JS: We like Photojojo, and we’re glad you started it. How did the idea for this site come around/blossom/finally come to be?
AG: I’m really interested in the DIY revolution right now- how our generation is rejecting the notion of endless consumption of mass-produced plastic and starting to value creation and customization. At some point, we forgot that we really could make stuff ourselves, and now, we’re starting to rediscover it.
At the same time, everyone’s gotten a digital camera or a camera phone or both in the last five years, and we’re all taking more photos than we know what to do with. Photography has always been the most democratic art form, and with great equipment being super cheap now, anyone really can take astonishing shots. But when you take thousands of shots a year, what do you do with all of them? That’s what we’re here for.
We figured there were enough magazines and websites and blogs devoted to reviewing cameras and lenses, so we wanted to make one about how to have fun with photography. People seem to like it.
JS: My sources tell me you are very incredibly aware and connected within the current set of young successful business people- does this mean you can share some names watch out for, and why?
AG: Oh man, I’m undoubtedly gonna leave people out. I think what my pal Dave Morin is doing with the Facebook platform is changing the geography of the Internet. And Tara and Chris at Citizen Agency are creating a whole new language of marketing and online community that’s going to be huge. And I’m very curious to see what Zach Klein [ex-College Humor] does next.
JS: Starting new companies is a stressful, time-consuming, and very personal venture. What do you need, characteristically and otherwise, to make it work?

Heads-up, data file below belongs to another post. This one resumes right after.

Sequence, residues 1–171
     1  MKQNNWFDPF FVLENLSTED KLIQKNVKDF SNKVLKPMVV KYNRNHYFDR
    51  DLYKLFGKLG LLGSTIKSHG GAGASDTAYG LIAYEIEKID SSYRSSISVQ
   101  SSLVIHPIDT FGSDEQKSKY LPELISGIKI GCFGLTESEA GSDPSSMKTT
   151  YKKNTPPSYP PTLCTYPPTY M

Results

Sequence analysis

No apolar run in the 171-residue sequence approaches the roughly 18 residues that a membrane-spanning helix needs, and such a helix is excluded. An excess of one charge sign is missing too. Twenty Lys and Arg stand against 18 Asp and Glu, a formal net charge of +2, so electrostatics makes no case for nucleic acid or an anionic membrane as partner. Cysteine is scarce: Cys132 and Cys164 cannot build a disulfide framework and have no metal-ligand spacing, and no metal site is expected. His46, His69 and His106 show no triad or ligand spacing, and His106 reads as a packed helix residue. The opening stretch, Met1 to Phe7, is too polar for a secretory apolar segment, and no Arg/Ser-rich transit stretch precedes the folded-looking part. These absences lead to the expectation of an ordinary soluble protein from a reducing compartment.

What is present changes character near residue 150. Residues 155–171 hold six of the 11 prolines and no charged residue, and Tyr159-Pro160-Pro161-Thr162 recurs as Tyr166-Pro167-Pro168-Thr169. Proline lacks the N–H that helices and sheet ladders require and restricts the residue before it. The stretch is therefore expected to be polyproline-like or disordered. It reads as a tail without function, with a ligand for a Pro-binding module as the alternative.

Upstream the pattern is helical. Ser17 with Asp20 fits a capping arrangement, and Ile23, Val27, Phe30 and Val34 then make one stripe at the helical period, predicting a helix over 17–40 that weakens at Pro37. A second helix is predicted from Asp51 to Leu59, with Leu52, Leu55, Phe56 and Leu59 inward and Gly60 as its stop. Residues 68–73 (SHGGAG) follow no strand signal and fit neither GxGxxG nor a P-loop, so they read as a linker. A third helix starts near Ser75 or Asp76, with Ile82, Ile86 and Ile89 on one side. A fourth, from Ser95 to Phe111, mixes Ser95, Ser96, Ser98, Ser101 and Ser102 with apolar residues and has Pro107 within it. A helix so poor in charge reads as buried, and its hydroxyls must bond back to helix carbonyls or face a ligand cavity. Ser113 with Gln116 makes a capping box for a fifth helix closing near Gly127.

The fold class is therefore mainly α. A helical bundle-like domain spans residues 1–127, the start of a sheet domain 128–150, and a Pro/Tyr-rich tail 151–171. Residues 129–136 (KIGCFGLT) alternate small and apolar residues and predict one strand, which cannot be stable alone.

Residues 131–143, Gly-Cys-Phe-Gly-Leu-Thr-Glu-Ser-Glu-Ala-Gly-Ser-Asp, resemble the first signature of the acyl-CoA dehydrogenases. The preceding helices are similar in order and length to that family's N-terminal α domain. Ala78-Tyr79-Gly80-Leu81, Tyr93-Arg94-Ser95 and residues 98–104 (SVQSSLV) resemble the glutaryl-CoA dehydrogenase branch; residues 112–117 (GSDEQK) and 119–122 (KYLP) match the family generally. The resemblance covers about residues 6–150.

AG: A drive to make things happen, the ability to convince people you’re onto something, and amazing people to work with. Naivete also helps- if you knew everything, you’d never do anything. (Also finding a great partner- something I’ve struggled with and probably should devote more time to finding!)
JS: What good books, magazines, and blogs/sites are you reading right now?
AG: Blogs/Sites: Flickr, Facebook, Kottke, Seth Godin’s blog, and Buzzfeed.
Books: Kavalier and Clay.
Newsletters: GetTrio, BrooklynBased, and Thrillist.
P.S. I love JakeandAmir.com I barely know those guys, but they’re hilarious and I hope they take it big.
JS: What’s next? Working on any exciting projects?
AG: At Photojojo, we’re working on some really cool stuff using the Flickr and Facebook APIs to intelligently ease the creation of printed photo products. And there are some ideas around a book, a magazine, and a larger online store presence we’re exploring with partners. We’ve gathered an awesomely passionate, talented community of photographers in the past year, now we’re going to build some astounding products and services for them.
There’s a food newsletter project that’s been baking in the background that taps into the same demographic — young, urban folks who wish they cooked more.
Oh yeah, and five of us built a new site at Jelly last week called CommandShift3.com that we were up ’till 4am last night putting together. It’s like Hot or Not, but for web design, and it’ll be super fun. It will be in public beta in a day or two.
JS: This STD Facebook App — are you going to make it happen?
AG: No. Maybe?